Thoughts on DOL’s coming lifetime income disclosure illustration requirement

In 2022 defined contribution plan sponsors will have to begin providing participants with lifetime income illustrations.

As we discussed in our August retirement policy update, defined contribution plan sponsors will in 2022 have to begin providing participants with lifetime income illustrations showing the single life and 100% joint and survivor annuities their account balance would “buy.”

In this article we provide some examples of what these new lifetime income numbers might be like for participants at different ages and consider the implications of providing these numbers for participant communications. We start with some background. 


The new lifetime income disclosure requirement was added by the Setting Every Community Up for Retirement Enhancement Act of 2019 (SECURE Act). In August 2020, the Department of Labor released an interim final rule (IFR) describing how this “lifetime income disclosure” was to be calculated. Generally, the IFR requires sponsors to:

Assume that the lifetime income begins as of the last day of the statement period.

Assume that the participant is age 67 (or her actual age if older) on the statement date.

Assume the participant is married, and his spouse is the same age, for purposes of calculating the (required) 100% survivor lifetime income alternative.

Use an interest rate equal to the 10-year constant maturity Treasury securities yield rate.

Use unisex mortality assumptions under Internal Revenue Code section 417.

The most controversial of these rules is the requirement that the participant be assumed to be age 67 – in effect, for younger participants, the calculation assumes no earnings from the participant’s current age to age 67. Let’s call this the “pre-retirement earnings issue.” 

This element of the IFR has been widely criticized, including by the SECURE Act’s main sponsor, Congressman Neal (D-MA), Chairman of the House Ways and Means Committee, who in a letter to DOL urged its correction.

In its recent FAQs on lifetime income disclosure, DOL stated that it “intends to issue a final rule [finalizing the “Interim Final Rule”] as soon as practicable based on feedback from comments received during the public comment period on the IFR.” We expect DOL to make some (modest) accommodation to the concerns (noted above) about the pre-retirement earning issue before issuing that final rule.


In this context – and given the imminent requirement that sponsors issue participant statements that include a lifetime income disclosure – we thought it would be useful review the impact this will have on participant understanding of the value of their DC/401(k) benefit.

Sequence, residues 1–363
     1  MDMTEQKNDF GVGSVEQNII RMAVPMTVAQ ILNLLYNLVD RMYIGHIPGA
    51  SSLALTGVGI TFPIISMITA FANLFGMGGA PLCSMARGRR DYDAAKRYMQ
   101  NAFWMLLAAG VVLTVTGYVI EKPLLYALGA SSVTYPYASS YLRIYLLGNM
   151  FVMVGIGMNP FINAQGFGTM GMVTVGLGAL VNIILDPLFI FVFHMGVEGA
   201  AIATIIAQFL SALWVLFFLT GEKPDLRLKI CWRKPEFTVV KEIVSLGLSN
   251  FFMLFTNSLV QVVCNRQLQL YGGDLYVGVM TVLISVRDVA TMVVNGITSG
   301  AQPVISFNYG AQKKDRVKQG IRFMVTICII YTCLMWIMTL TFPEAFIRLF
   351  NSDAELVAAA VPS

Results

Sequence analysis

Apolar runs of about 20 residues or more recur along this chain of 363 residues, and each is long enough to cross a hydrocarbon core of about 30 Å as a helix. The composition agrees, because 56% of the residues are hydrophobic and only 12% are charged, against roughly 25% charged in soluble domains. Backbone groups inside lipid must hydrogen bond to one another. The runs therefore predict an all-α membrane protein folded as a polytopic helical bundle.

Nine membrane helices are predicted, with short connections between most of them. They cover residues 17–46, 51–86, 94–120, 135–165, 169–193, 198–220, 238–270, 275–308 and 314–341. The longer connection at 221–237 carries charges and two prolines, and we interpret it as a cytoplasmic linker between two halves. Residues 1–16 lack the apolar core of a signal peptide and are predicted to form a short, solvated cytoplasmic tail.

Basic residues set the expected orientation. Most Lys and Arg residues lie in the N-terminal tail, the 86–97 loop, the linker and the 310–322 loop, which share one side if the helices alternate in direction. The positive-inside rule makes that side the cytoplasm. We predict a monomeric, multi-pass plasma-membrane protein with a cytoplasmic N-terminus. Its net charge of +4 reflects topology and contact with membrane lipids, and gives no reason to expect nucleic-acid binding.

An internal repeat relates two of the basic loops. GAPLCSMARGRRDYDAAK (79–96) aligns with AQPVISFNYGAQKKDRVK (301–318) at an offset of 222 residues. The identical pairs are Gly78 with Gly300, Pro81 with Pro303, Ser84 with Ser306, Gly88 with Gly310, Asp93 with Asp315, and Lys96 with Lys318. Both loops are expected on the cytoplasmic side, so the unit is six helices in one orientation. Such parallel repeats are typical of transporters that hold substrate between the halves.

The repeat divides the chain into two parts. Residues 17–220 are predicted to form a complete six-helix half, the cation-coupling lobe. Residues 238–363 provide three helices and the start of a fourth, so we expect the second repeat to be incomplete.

The table below shows the amount of the 100% joint and survivor lifetime income – at different ages – that $100,000 will buy under (i) the rules of the IFR and (ii) an amended final rule that credits a modest, real (that is, net of inflation) earnings rate of 1% per year.

Monthly Income, 100% Joint & Survivor Annuity


Account Balance

DOL Interim Final Rule

1% Real Return Pre-Retirement













Example lifetime income illustration at different ages

We have published several articles discussing the effect of declining interest rates on DC lifetime income. Last January, in our article Retirement savings finance at the end of 2020, we noted that that a typical participant ended 2020 with a net loss in their lifetime income despite double-digit asset returns.

That loss was entirely the consequence of 2020’s 75 basis point decline in long-term interest rates. That comes on top of a 100 basis point decline during 2019.

These declines, under the DOL’s methodology, to the extent not offset by asset gains, translate directly into reduced lifetime income.

Preparing participants for the news

Participants who have been focused on significant 401(k) asset gains over the last several years may be somewhat surprised to see the (relatively small) size of the lifetime income their account balance can buy in the current interest rate environment.

Sponsors who have not already been communicating about lifetime income may want to consider what the appropriate messaging may be, to help participants understand these new numbers and what actions they might take – most critically, increasing contributions – to improve them.

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We will continue to follow this issue.